The Data of it All
For our own part, our metered panels of users that number into the millions worldwide, as well as an extensive network of tagged web, video and app entities, generate vast quantities of audience and consumption information that grows in scope and scale with every passing month. To give some sense of perspective, if a megabyte of data were to be represented by a spoonful of sand, comScore would currently store the equivalent of a stretch of beach 25 miles long, 30 metres wide and a foot deep. And we expect this to double in the next year.
Challenges and Opportunities of Measurements in Mobile
Mobile has added further complexity to all of these measures, with many people now accounting for two or more devices. The term ‘mobile’ now encompasses smartphones through to tablets, with phablets sitting somewhere in between, and consumption via browsers and apps. This serves to highlight the added fragmentation that our customers, and therefore we at comScore, must handle when evaluating this burgeoning sector.
Vietnam Coming of Digital Age
Increase in Disposable Income
A decade ago, the average Vietnamese consumer saved up his/her salary for years in order to buy a scooter. The purchase took the main share of his/her disposable income. According to Euromonitor, the annual disposable income in Vietnam grew by 35 per cent from 2011 to 2014, with consumer expenditure growing at the same rate and consumers are buying new smartphones and gadgets. They are also traveling a lot more, with the Vietnamese language now frequently heard in cities and airports from Singapore and Japan to the US. However, key consumer categories like healthcare, beauty care and luxury will lead market spending in the coming years.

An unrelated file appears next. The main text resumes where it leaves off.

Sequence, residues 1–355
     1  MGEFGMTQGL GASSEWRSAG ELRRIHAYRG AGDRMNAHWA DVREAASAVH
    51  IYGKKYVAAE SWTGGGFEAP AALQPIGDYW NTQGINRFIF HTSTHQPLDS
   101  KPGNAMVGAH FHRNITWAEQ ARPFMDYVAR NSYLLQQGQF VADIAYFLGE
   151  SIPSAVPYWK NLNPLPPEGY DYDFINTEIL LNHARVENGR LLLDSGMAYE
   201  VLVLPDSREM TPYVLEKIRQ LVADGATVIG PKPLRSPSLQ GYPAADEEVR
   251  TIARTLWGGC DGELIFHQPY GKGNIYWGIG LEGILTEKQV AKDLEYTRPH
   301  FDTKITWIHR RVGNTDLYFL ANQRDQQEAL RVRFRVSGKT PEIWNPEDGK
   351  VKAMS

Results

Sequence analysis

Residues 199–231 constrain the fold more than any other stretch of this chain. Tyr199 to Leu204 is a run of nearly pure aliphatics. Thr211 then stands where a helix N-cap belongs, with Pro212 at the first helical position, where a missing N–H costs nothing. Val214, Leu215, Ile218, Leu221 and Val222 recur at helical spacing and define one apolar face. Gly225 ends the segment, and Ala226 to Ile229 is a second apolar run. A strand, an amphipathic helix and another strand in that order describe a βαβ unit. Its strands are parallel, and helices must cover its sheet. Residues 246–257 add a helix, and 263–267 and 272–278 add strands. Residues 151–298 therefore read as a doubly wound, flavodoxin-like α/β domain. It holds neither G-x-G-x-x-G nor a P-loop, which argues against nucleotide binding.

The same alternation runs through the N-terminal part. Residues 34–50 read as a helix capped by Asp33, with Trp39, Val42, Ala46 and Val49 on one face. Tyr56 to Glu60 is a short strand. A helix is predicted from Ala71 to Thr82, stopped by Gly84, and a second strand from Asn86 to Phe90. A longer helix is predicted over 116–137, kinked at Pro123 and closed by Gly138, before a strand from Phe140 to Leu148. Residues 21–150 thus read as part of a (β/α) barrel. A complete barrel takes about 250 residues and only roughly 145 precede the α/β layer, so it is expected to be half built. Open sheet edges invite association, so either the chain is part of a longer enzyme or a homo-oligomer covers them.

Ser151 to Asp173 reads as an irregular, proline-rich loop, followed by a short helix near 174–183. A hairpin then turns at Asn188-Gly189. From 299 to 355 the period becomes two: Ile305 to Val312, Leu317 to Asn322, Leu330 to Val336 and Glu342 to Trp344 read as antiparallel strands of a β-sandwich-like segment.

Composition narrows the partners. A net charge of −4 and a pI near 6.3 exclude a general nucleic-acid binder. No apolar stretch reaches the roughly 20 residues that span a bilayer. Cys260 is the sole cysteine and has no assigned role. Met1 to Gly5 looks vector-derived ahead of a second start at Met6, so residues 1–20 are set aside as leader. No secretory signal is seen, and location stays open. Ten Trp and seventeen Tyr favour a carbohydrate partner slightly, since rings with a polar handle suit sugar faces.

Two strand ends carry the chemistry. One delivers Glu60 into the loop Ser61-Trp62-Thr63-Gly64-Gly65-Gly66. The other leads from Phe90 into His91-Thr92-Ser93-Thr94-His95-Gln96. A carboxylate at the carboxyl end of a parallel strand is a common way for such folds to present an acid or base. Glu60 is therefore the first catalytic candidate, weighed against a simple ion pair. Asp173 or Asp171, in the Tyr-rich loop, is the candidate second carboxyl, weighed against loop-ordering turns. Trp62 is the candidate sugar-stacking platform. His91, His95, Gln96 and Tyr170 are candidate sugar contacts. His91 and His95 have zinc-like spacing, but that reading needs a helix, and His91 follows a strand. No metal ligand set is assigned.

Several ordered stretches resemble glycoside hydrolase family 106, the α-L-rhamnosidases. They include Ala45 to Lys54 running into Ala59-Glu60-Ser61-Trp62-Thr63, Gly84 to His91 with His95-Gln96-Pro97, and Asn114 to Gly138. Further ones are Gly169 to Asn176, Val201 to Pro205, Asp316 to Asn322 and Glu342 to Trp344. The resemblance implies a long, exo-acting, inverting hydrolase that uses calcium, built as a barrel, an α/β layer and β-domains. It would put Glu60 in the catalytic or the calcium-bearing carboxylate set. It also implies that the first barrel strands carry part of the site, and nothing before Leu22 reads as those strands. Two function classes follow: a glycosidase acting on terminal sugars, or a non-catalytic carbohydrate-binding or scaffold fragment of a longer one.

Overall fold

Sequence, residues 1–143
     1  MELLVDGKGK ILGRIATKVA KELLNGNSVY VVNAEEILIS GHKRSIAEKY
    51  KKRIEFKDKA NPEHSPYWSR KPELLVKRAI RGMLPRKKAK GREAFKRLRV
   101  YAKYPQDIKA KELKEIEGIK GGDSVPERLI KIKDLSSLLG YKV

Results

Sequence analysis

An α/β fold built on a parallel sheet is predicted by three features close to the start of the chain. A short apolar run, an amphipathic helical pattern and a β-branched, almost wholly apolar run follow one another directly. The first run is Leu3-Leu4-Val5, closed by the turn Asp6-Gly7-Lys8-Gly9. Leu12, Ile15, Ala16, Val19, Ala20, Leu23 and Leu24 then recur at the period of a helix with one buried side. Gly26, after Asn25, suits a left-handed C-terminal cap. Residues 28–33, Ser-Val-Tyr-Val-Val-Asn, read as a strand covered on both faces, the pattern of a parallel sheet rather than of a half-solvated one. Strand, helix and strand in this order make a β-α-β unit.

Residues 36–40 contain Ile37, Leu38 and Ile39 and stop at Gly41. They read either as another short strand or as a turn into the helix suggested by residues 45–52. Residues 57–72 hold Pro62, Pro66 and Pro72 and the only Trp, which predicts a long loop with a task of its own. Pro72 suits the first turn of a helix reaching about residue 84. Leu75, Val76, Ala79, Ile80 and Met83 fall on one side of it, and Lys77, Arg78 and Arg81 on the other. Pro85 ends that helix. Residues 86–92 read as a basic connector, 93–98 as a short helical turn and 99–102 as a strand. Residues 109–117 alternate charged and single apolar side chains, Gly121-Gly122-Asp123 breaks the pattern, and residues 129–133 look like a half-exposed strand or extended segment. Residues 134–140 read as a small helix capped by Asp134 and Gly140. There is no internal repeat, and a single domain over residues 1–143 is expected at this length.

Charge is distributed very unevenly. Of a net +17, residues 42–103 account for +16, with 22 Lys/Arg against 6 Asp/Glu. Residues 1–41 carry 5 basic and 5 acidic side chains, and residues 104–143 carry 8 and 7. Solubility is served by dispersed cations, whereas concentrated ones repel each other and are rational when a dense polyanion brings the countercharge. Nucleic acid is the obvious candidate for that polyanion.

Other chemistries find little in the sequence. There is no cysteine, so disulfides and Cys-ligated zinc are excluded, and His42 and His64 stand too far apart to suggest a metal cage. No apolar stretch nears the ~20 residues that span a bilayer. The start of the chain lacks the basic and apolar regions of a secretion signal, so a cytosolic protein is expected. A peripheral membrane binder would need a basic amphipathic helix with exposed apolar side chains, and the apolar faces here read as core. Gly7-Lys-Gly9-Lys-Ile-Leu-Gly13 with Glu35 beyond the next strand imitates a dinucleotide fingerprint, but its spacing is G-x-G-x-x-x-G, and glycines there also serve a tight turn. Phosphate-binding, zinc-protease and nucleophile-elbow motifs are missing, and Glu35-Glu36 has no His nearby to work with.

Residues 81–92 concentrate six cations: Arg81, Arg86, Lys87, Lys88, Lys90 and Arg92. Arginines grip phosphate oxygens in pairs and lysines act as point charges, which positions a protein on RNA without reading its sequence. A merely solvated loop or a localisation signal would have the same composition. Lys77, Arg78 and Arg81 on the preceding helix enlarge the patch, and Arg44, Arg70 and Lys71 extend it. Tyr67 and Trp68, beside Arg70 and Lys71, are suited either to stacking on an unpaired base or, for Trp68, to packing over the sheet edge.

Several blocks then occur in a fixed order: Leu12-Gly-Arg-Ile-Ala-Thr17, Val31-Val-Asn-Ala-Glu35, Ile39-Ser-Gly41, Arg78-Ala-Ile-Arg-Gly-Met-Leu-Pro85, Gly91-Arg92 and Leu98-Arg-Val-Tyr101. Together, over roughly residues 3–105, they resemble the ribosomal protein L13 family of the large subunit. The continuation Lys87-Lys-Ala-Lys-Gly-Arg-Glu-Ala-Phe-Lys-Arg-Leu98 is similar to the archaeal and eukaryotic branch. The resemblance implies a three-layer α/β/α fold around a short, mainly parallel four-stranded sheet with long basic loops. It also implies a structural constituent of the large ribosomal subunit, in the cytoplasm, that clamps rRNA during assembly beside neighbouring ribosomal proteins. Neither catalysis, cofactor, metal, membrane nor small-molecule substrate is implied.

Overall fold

Millennials Boast Huge Social Networking Growth and Engagement on Smartphones, But Older Users Surprisingly Outpace Them on Tablets
The category has shifted quickly to mobile, with 80% of time spent now coming from smartphones and tablets. Recent comScore Mobile Metrix data shows that preferences between tablets and smartphones for social media usage vary depending on the age of the user.
Are Smartphones the Swiss Army Knife of the Millennial Generation?
Think about your daily life for a minute: When was the last time you wrote down your plans in a paper calendar? Do you still use that radio alarm clock sitting by your bed? Do you still rely on that old MP3 player to listen to your music? Do you print out directions or refer to a paper map when traveling to an unfamiliar destination? Chances are that you used to practice most of these behaviors regularly, but have since gradually consolidated them into your smartphone. Old habits certainly die hard, but perhaps the exception to this rule is when something unmistakably more convenient comes along that gives you the same (or better) functionality as the old way of doing things. Why carry around a dozen separate tools when one Swiss army knife fits perfectly in your pocket?